1. With the rise in omicron cases, The B.O.B. has announced it will no longer be open for New Year's celebrations.
They announced on Facebook Monday they will stay closed this week and will not be holding a New Year's Eve party.
Both The B.O.B. and 20 Monroe Live have been sold to new owners, and they will be closed for food in 2022. The bar and restaurant said in the post that they are closed out of an abundance of caution as they thanked patrons for their contributions in helping to make The B.O.B. one of the city's most well-known attractions.
2. After months of anticipation, Popeyes Louisiana Kitchen is officially open in Holland.
The restaurant is located at 12340 James Street opened on Monday, a week ahead of the planned opening date.
The restaurant is open for dine-in, in addition to the drive-thru, and they've been seeing so much business their parking lots are constantly full.
The restaurant replaced a long-vacant former gas station near Nelis' Dutch Village. The property was purchased in March by Abyholland LLC.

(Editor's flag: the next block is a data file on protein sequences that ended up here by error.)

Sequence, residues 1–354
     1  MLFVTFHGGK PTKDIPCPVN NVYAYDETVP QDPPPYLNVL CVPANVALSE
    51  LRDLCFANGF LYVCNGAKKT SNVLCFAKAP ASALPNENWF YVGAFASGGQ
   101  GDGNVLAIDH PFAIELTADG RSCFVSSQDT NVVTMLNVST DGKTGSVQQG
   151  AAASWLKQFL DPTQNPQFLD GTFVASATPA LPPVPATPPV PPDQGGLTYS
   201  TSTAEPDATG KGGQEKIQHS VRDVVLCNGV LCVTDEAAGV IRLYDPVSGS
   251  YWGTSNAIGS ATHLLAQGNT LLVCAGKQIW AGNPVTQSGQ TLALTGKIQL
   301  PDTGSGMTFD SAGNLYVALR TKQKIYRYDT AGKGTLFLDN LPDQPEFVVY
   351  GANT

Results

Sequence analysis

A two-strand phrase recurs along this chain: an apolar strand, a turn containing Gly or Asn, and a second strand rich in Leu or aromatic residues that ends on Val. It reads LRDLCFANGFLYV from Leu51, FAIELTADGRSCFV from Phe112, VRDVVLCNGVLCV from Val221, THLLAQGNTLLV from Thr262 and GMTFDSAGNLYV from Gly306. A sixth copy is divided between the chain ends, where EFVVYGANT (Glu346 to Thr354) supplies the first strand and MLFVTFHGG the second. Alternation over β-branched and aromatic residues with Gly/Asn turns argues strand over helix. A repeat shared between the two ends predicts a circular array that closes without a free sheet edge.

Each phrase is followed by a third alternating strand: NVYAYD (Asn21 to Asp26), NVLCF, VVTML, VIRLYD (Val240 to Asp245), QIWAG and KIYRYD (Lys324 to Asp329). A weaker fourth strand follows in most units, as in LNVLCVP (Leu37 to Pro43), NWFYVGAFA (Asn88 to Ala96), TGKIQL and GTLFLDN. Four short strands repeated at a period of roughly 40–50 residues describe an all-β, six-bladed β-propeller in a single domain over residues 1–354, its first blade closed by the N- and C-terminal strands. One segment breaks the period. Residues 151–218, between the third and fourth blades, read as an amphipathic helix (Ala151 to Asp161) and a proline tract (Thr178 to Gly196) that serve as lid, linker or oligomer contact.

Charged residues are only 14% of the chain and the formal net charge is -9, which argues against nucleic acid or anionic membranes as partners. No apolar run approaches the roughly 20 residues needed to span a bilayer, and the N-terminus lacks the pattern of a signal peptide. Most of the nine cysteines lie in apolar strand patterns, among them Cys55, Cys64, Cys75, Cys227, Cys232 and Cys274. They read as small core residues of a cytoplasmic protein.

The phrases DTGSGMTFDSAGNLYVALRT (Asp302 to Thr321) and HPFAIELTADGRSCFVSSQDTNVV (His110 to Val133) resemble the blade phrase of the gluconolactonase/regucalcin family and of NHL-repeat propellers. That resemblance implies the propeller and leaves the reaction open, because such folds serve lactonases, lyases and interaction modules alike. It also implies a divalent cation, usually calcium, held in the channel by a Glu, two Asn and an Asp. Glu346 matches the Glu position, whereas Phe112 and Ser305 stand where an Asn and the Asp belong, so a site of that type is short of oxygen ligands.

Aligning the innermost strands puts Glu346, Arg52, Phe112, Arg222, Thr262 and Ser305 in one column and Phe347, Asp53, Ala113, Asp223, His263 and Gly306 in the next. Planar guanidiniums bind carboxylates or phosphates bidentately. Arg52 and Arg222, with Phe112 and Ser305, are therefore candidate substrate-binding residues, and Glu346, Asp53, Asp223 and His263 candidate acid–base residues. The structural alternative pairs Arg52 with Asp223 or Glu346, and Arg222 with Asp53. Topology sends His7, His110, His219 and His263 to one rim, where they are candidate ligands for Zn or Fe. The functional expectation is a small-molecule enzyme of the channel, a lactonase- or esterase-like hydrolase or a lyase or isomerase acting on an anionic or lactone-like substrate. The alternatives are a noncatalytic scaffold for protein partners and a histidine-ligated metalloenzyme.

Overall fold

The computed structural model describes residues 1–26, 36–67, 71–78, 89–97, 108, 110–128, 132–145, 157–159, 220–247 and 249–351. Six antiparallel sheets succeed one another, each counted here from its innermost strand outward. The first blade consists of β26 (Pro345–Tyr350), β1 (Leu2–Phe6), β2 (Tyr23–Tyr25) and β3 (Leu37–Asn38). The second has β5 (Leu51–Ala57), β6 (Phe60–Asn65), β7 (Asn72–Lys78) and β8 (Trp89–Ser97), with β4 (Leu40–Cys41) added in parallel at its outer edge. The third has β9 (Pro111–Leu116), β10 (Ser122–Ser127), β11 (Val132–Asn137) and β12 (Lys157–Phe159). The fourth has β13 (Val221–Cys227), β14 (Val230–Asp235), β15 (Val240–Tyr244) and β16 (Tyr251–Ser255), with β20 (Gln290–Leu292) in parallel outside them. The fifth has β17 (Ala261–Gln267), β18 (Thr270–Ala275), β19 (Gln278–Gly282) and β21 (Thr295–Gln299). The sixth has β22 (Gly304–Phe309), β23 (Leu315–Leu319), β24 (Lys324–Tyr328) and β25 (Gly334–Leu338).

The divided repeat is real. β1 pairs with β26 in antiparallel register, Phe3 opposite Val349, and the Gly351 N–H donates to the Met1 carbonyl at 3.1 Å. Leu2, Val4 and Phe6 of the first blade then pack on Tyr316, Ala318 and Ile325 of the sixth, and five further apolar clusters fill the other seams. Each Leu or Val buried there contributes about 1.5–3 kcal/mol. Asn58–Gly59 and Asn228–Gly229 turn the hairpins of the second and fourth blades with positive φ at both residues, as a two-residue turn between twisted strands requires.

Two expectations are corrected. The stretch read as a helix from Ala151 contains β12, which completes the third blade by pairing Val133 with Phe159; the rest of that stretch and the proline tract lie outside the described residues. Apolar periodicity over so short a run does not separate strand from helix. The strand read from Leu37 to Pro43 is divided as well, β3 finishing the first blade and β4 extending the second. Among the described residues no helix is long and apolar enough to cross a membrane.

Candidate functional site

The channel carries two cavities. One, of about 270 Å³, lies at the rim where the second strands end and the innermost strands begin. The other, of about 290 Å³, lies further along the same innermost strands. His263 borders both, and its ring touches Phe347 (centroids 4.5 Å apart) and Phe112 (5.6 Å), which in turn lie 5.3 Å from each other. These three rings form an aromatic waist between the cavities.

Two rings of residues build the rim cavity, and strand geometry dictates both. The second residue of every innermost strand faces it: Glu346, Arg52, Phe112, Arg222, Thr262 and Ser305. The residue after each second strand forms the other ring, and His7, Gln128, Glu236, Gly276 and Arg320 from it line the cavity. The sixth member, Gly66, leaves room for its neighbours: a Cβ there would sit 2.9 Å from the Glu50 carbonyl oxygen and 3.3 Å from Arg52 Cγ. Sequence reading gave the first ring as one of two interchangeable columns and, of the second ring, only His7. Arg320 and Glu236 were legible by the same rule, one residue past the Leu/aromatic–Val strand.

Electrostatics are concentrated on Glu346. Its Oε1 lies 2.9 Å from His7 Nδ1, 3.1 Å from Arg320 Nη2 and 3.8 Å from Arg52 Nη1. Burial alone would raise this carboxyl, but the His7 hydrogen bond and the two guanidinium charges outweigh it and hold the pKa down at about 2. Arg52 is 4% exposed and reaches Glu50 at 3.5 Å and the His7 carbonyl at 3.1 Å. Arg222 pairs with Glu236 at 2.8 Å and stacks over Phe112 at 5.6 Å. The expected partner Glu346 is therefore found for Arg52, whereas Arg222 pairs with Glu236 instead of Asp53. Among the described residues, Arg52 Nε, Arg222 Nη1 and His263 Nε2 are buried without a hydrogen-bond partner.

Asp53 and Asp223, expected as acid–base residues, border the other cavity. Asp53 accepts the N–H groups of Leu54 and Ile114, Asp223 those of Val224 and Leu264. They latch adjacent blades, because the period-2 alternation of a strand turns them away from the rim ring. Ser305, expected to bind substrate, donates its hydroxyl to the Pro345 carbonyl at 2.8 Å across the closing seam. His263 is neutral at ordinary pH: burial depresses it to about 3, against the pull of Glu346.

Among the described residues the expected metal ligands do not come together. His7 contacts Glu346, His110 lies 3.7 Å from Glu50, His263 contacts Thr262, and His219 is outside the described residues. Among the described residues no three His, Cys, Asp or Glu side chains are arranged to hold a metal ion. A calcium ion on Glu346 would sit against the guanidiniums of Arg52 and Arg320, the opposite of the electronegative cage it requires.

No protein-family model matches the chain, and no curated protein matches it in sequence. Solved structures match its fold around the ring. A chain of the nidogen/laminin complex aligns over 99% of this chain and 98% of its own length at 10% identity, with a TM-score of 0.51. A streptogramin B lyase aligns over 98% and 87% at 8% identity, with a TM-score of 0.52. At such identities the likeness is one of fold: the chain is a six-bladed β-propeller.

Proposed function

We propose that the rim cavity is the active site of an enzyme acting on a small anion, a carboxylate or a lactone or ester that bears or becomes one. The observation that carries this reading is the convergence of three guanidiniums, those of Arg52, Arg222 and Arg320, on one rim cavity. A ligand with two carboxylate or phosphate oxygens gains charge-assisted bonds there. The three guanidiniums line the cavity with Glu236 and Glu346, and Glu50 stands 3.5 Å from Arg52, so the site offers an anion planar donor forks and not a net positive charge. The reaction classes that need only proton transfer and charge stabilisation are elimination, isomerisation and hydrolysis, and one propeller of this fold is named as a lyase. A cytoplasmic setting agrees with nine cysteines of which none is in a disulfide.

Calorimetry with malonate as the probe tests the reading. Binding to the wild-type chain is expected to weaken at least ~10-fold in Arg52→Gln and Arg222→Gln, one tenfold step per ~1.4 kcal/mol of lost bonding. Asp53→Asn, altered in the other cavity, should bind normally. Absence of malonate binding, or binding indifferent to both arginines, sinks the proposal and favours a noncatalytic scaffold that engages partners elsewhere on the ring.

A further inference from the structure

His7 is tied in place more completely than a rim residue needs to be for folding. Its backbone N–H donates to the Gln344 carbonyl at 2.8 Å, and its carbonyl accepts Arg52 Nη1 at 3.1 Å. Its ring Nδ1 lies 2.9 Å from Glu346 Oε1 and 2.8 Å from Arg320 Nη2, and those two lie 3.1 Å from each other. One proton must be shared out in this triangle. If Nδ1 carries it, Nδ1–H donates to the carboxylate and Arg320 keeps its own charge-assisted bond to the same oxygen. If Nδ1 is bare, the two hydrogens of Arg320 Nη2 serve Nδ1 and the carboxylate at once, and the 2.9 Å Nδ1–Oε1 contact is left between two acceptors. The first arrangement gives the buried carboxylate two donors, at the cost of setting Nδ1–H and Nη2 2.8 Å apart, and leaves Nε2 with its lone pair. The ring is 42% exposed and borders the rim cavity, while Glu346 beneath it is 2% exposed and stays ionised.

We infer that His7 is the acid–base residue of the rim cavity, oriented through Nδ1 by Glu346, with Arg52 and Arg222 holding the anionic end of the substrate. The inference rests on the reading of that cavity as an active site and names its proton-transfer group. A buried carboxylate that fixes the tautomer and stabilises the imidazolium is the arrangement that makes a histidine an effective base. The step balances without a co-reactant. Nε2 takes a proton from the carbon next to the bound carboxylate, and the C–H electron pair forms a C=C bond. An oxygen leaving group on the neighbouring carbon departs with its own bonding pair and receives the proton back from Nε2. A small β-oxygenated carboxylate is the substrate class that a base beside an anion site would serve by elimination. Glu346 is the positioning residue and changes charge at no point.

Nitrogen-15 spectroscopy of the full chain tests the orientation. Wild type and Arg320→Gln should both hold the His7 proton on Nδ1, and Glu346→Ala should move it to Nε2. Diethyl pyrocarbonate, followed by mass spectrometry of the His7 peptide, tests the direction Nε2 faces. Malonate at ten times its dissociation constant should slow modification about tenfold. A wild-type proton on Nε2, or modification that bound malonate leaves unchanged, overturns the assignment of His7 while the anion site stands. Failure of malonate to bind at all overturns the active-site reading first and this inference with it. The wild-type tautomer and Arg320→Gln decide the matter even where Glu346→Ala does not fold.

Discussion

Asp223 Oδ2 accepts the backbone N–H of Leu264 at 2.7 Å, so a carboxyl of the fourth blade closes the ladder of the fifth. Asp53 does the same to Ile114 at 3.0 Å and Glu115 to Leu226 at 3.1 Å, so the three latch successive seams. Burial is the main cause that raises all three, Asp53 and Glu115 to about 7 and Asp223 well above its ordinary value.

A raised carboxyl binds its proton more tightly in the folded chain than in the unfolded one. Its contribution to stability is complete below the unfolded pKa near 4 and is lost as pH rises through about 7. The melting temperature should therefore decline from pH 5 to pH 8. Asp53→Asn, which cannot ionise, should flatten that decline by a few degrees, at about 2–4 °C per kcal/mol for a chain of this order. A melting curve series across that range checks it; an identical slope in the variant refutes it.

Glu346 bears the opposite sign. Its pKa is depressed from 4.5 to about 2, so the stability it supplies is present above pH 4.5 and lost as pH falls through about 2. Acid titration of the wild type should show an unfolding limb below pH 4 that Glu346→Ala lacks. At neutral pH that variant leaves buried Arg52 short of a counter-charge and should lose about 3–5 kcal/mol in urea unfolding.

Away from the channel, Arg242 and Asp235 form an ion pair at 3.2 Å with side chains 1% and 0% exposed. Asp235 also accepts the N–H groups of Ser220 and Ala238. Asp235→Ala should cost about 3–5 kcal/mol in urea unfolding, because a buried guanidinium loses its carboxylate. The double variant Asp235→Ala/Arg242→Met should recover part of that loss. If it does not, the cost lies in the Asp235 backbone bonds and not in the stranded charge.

3. A big win for the Broncos took place this week. Western Michigan University cruised past Nevada Monday afternoon, winning 52-24 in the Quick Lane Bowl.
Kaleb Eleby threw two touchdowns and ran for another. Sean Tyler rushed for 146 yards on 14 carries, and also returned a kickoff for 100 yards for a WMU touchdown.
This is the school's second bowl victory in program history. The Bronco's only other bowl victory came in the 2015 Bahamas Bowl against Middle Tennessee.
4. A popular coffee-flavored liqueur wants to know if you can go one month without technology and the internet? Kahlua's Stir Up Your Routine challenge will give $25,000 to a couple who can give up their tech for 30 days.
Applicants must be internet and social media free, take a polygraph test, and there will be some Kahlua to help.
Go to Kahlua's Twitter or search "Kahlua Stir It Up Challenge" and you can register there.
5. If you're thinking about investing, those discontinued Lego sets might be the way to go!
Researchers at a Russian University looked at the rates of return when it came to collecting toys, and they found high-value collectibles proved to be a better investment than gold, art, or financial securities.
They noted retired Legos sets that sold on secondary markets saw prices grow by 11 percent annually. That's faster than the rates for gold, stocks, and bonds.
According to researchers, those who invest in Legos long-term can yield positive returns two to three years after retirement.